Researchers, research funders, regulators, sponsors and publishers of research fail to use earlier research when preparing to start, fund or publish the results of new studies. To embark on research without systematically reviewing evidence of what is already known, particularly when the research involves people or animals, is unethical, unscientific, and wasteful.

To address this problem a group of Norwegian and Danish researchers have initiated an international network, the ‘Evidence-Based Research Network’ (EBRNetwork). The EBRNetwork brings together initial partners from Australia, Canada, Denmark, the Netherlands, Norway, the UK, and USA was established in Bergen, Norway in December 2014. It also has members from low and middle income nations like India, South Africa and Brazil.

At the ‘Bergen meeting’ partners agreed the aim of the EBRNetwork is to reduce waste in research by promoting:

No new studies without prior systematic review of existing evidence

Efficient production, updating and dissemination of systematic reviews

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Logo of the new Evidence Based Research Network

My take : In real terms this signifies a tactical shift of the way medical research is conducted and funded globally and bring in more objectivity into funding decisions . The current system of research funding is flawed and decisions are often not on the scientific need of the research to be conducted but on peer-perceptions. It will also prevent policy makers to be mis-guided by scientist who are prone to hype their own agenda for causes of career progression.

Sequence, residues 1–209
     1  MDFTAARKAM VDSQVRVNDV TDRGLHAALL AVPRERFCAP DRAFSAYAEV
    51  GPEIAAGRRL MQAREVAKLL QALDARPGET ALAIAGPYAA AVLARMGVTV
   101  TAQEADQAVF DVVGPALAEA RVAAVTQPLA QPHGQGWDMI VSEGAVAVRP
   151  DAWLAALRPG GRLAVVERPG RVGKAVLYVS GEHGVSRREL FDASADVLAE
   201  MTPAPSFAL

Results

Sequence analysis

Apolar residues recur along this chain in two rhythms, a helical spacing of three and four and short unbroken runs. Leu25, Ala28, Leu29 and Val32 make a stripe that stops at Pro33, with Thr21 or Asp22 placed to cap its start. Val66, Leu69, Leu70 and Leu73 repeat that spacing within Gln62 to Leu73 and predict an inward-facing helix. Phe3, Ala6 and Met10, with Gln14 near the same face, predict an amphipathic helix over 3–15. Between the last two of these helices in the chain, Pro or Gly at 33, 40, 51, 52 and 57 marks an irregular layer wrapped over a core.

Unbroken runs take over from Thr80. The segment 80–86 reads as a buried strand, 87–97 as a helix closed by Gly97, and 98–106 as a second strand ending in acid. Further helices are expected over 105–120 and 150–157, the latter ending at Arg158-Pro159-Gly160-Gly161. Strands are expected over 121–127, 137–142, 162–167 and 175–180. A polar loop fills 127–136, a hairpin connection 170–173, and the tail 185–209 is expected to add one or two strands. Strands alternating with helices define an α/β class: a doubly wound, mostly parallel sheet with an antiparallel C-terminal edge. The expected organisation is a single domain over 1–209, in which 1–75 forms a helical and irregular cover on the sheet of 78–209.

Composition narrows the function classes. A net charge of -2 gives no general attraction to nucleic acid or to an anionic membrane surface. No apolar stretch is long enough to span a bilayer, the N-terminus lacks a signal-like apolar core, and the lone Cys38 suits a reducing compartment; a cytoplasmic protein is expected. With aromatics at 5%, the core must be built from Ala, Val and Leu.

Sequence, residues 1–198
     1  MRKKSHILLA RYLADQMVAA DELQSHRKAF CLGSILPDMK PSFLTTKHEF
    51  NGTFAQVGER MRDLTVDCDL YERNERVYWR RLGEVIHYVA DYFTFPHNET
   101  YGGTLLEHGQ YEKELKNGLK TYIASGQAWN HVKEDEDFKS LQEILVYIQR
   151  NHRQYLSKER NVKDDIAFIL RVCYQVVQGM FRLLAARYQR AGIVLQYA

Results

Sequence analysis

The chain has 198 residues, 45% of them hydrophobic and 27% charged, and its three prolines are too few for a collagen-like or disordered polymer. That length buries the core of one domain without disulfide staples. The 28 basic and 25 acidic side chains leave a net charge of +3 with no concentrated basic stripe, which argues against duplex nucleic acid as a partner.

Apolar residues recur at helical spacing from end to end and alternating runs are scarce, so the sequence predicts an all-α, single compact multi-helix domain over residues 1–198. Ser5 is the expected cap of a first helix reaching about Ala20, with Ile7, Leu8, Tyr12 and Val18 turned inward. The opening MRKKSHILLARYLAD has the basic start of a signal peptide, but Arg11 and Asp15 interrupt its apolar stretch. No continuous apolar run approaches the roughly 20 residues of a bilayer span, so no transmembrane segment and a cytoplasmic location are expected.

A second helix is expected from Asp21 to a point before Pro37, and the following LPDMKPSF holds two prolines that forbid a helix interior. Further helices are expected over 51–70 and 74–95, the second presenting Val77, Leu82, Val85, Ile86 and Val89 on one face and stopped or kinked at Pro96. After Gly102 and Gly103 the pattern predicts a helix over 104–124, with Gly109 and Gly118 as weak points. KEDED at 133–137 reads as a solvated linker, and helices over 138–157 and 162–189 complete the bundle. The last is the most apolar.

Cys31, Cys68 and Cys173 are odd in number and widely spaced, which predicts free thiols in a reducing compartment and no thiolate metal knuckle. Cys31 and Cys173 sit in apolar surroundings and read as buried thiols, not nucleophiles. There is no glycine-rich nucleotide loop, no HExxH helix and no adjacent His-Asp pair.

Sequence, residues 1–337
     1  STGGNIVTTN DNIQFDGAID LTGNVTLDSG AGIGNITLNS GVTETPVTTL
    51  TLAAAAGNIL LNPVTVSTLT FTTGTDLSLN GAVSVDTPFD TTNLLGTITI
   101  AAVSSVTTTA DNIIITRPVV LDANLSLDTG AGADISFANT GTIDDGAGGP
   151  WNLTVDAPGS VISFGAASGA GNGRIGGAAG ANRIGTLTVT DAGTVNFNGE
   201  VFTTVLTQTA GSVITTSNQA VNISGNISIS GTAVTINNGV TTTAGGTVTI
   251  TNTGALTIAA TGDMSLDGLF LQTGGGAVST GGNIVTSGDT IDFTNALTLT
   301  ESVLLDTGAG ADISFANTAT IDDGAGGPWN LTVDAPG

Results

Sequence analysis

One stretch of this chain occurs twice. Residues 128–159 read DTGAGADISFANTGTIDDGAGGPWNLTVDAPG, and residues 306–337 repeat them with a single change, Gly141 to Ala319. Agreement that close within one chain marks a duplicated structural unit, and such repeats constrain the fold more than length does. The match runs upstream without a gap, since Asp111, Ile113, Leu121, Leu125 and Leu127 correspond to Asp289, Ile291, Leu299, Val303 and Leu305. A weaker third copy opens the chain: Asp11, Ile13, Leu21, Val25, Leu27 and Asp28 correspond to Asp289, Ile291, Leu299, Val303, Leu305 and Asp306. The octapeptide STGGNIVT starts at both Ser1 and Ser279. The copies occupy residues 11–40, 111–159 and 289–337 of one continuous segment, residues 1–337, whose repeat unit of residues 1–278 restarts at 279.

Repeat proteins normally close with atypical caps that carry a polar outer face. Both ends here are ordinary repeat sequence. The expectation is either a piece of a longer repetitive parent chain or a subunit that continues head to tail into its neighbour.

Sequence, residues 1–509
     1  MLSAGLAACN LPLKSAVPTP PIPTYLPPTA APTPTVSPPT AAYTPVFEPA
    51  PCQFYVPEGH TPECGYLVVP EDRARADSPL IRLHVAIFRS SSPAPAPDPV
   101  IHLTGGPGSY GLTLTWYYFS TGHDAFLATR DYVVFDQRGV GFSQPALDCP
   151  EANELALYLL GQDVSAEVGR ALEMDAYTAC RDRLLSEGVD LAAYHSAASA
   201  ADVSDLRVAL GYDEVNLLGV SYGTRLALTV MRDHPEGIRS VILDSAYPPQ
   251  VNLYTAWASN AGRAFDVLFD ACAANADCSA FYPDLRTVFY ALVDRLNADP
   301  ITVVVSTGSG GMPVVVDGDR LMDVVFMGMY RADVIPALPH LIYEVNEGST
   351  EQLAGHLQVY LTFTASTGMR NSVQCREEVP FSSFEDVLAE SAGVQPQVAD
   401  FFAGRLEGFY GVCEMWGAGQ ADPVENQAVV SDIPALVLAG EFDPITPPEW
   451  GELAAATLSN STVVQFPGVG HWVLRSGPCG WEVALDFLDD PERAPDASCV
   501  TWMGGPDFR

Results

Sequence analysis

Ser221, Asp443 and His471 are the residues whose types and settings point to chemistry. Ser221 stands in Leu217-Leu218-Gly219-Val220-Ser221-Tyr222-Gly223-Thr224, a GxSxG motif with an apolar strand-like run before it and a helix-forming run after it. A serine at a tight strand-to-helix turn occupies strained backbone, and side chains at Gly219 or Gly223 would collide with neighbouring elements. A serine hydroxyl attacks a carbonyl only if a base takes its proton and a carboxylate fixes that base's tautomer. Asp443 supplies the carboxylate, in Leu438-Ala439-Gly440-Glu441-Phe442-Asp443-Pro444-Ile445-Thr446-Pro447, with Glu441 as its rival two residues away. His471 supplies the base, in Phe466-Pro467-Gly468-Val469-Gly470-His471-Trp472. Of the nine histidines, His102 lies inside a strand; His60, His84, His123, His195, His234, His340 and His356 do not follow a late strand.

Note : The information provided here is adapted from the press release by network together with some personal opinions.  Dr. Soumyadeep Bhaumik is one of the members of the network.

To tweet or not to tweet…at conferences

Originally posted on The Contemplative Mammoth:

Live-tweeting, whether a department seminar or a conference talk, is one of the most powerful aspects of academic Twitter I’ve witnessed. It’s not an easy skill, but it’s worth cultivating, because it has tremendous value in bringing exciting research to a broad audience. Instead of the twenty to two hundred people in the room, you have the potential to reach thousands, and generate exciting conversations — what I often refer to as the “meeting within the meeting” that only takes place in the ether.

Live-tweeting also helps me focus more — I personally get more out of talks I tweet than ones I don’t. I sometimes refer to it as my superpower, because I have a special knack for distilling a talk into 140-character sound bites, and a high WPM to match. Live-tweeting usually gets me a handful of new followers, too, which is a good indication that folks are finding the…